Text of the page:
1. Writing workshop mini lesson Types of conclusions
The conclusion (ending or closing) of your writing is what wraps it all up for the reader. Stop writing when you have said it all, but the conclusion should tie up all loose ends. Do not leave the reader hanging. Leave him/her with something to think about. Do not insult the reader by telling him/her what you have written about. Also, do not use the lead as the conclusion; you can restate what you wrote in the lead, but do not just repeat it. NEVER end with "...and it was all a dream." That has been overdone. Below are some ideas on how to write a good conclusion. Remember that not every type of lead will work for every writer or for every piece of writing. You'll have to experiment. Be sure to have a least three sentences in your conclusion, whatever type it may be.
Question: Close with a question that involves the reader. You can answer the question, or leave it for the reader to decide based on what you wrote. The question must relate to the main idea. Example: It was the worst experience of his life. Andrew decided that it was the last time he would ever go on a roller coaster. Who can blame him?
Strong Statement Close with a statement that forcefully states your opinion. Example: A criminal, no matter his/her age, should be dealt with according to the crime. The legal system is too lenient when it comes to juvenile offenders. Laws need to be rewritten immediately so that no more hard core criminals go free just because they are juveniles.
Summary Close with a summary of your main ideas. However, do not repeat yourself word for word; say it in a different way. Also, remember not to insult the reader by saying, "I wrote about..." The reader is smart enough to know what he/she just read. Example: As you can see, it is not important to know everything, but it is important to know how to find the answer. There will not always be a teacher nearby with the answer. You have to learn how to research, how to dig through sources to find what you need to know.
Personal Comment Close with a personal comment or response to what you have written. It is not the same thing as an opinion. It is more like a personal conclusion you have reached or a lesson you have learned because of the experience you wrote about in your paper. Example: Riding a roller coaster with someone who is a "chicken" is something I will certainly never do again. I should have listened when Sheila told me she did not want to ride it. I should have let her take the "chicken exit." Next time I will know better.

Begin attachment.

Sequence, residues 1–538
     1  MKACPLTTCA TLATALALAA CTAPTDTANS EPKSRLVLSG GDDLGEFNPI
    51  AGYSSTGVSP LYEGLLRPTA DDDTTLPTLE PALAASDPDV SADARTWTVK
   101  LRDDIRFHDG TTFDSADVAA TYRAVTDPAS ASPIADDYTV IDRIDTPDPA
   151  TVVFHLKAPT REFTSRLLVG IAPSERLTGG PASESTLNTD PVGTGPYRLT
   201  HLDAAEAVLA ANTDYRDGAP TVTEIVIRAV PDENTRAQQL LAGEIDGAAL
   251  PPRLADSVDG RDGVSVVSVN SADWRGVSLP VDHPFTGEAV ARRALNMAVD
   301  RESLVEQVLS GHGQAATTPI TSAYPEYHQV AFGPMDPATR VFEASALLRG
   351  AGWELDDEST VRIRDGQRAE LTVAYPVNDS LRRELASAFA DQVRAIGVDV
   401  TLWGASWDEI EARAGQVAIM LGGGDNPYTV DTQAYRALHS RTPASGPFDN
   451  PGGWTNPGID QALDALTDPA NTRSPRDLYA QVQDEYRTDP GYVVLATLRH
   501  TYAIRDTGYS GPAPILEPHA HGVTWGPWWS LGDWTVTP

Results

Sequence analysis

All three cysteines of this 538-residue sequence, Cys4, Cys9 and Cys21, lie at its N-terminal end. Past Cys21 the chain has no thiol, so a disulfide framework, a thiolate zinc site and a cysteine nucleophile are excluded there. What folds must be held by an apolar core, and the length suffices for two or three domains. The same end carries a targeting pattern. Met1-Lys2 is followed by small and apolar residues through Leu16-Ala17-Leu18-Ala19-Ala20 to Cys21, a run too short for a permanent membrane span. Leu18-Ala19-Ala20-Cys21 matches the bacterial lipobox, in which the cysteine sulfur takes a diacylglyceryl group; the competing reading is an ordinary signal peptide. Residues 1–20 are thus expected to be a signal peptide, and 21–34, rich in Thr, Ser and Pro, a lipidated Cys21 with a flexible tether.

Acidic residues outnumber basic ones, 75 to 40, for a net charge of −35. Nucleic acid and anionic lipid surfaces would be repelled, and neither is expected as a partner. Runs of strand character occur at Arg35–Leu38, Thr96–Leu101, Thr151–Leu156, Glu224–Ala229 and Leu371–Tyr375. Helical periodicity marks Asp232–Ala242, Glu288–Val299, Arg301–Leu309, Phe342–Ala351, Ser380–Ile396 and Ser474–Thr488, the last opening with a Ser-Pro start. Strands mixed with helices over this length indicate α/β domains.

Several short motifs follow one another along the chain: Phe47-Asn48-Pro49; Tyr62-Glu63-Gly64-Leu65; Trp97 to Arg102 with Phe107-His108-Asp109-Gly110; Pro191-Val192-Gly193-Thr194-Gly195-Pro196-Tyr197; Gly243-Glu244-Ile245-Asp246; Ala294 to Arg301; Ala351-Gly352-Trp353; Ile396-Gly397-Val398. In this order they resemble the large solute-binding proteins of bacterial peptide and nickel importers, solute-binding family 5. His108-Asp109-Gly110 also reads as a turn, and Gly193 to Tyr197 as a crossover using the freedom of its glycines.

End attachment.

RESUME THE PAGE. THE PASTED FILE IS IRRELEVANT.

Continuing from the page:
Mystery Close with a statement that shows some things will never be resolved. However, be sure to do this in a way that the reader does not think you just forgot to end your story or paper. Example: We watched Adam walk down the road until he became just a tiny speck and then disappeared altogether into the dust of twilight. Just as he appeared, he was gone. That was the last time any of us ever saw him.
Beginning of New Story When writing a story or personal narrative, you can close with a hint of things to come, or the beginning of a new story--a sequel of sorts. Example: He was exhausted. It had been a long and difficult week. Javier closed his eyes and thought of the many other adventures that lie ahead.
Well Known Quotation or Quotation from a Famous Person Close with a quotation that is well known or from a famous person. Be sure to put quotations around the quotation and give credit to the person who said it if you write it word for word. Of course, the quotation must be directly related to your topic. A good source is a book of quotations. Look in the library or ask your teacher. Example: According to Senator Bob Dole, in order to be a citizen, all Americans must be able to speak English. In theory this seems like a good policy. However, what will become of the citizens who never learn to speak English?